The WHO has accepted the recommendation to pull hydroxychloroquine, as well as lopinavir and ritonavir, from its international Solidarity Trial.
After provisionally pulling the use of the anti-malarial drug hydroxychloroquine from use in studies looking at its potential benefits to treat Covid-19, the World Health Organization (WHO) officially confirmed the drug will no longer be used as part of its Covid-19 Solidarity Trial.
The global body has also halted all associated trials of lopinavir and ritonavir, which are typically used for the treatment of HIV.
The Solidarity Trial uses selected groups of the world’s population to compare four treatment options and assess their effectiveness against the disease.
The trial’s international steering committee said it came to this decision after the interim results for hydroxychloroquine, lopinavir and ritonavir were compared with standard care practices, and from a review of all trials presented at the recent WHO summit on Covid-19 research.
“These interim trial results show that hydroxychloroquine and lopinavir/ritonavir produce little or no reduction in the mortality of hospitalised Covid-19 patients when compared to standard of care,” the WHO said in a statement.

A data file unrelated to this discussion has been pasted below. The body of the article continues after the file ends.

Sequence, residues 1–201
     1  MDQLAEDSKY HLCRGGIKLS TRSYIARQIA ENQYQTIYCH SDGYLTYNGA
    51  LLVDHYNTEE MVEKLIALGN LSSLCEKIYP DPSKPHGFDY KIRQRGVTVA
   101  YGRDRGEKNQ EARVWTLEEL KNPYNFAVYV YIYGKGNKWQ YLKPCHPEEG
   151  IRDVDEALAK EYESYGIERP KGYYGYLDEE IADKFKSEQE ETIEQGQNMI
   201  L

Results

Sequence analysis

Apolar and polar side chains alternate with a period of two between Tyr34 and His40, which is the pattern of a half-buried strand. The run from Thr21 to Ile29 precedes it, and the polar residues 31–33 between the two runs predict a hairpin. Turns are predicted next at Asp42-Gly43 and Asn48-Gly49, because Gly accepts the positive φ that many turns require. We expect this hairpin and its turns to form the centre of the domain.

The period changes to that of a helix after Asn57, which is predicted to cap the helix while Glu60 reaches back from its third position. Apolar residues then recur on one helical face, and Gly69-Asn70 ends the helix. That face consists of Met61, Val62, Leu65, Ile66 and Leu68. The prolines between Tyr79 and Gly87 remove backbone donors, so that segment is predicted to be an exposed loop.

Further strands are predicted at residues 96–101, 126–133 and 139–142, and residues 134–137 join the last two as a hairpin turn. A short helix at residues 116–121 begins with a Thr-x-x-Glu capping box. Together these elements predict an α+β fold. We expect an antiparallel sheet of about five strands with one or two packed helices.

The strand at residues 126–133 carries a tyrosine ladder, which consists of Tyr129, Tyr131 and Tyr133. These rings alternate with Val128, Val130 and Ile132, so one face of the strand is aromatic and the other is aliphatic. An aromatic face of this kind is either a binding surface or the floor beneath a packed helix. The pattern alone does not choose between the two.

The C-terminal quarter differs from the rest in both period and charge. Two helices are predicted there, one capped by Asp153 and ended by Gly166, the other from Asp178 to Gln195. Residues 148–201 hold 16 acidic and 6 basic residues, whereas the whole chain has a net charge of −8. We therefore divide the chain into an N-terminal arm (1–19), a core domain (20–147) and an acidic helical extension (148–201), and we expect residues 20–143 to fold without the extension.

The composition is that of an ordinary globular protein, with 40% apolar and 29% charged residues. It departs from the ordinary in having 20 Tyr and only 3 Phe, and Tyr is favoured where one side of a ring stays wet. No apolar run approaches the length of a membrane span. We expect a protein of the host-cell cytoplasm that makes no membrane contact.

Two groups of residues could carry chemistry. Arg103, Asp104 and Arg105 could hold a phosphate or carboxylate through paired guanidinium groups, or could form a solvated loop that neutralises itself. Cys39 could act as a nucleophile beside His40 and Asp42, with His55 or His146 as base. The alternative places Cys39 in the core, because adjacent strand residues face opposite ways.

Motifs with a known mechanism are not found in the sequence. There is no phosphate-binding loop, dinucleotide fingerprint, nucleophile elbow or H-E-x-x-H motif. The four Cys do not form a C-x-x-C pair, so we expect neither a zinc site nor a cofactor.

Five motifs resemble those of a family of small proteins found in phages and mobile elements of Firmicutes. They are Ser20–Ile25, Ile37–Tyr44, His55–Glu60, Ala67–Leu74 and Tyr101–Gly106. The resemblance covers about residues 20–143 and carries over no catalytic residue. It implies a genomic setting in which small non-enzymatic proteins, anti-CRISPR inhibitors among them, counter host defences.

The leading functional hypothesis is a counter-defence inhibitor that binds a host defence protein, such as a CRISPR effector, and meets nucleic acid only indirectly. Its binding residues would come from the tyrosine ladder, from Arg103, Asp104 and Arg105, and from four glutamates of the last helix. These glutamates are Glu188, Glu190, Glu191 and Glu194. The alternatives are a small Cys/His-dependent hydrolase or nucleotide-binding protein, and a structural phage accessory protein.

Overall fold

“Solidarity trial investigators will interrupt the trials with immediate effect.”
The WHO went on to say this decision only applies to the Solidarity Trial and does not affect studies where these drugs are being used for non-hospitalised patients or as a prophylaxis.
EU approves use of remdesivir
Despite the WHO finding that hydroxychloroquine leads to little or no reduction in the mortality of hospitalised Covid-19 patients, a recent study from a team in the US published to the International Journal of Infection Diseases concluded the opposite. However, researchers not involved with this study are critical of its findings.
Speaking to CNN, these researchers noted that participants were selected for the US study rather than being randomised, and that concomitant steroid use in patients receiving hydroxychloroquine may have influenced the results.
Following the announcement last month that Ireland would be taking part in the WHO-led trial, this now leaves just two drugs still approved for testing.
These include remdesivir, which was previously tested as an Ebola treatment; and interferon beta-1a, which is used for the treatment of multiple sclerosis.
On Friday (3 July), the European Commission gave conditional approval for the use of remdesivir – developed by Gilead and marketed as Veklury – in the treatment of SARS-CoV-2 (coronavirus) infection.
“We are granting this authorisation less than a month after the application was submitted, showing clearly the EU’s determination to respond quickly whenever new treatments become available,” said Stella Kyriakidea, the EU’s commissioner for health and food safety.
“We will leave no stone unturned in our efforts to secure efficient treatments or vaccine against the coronavirus.”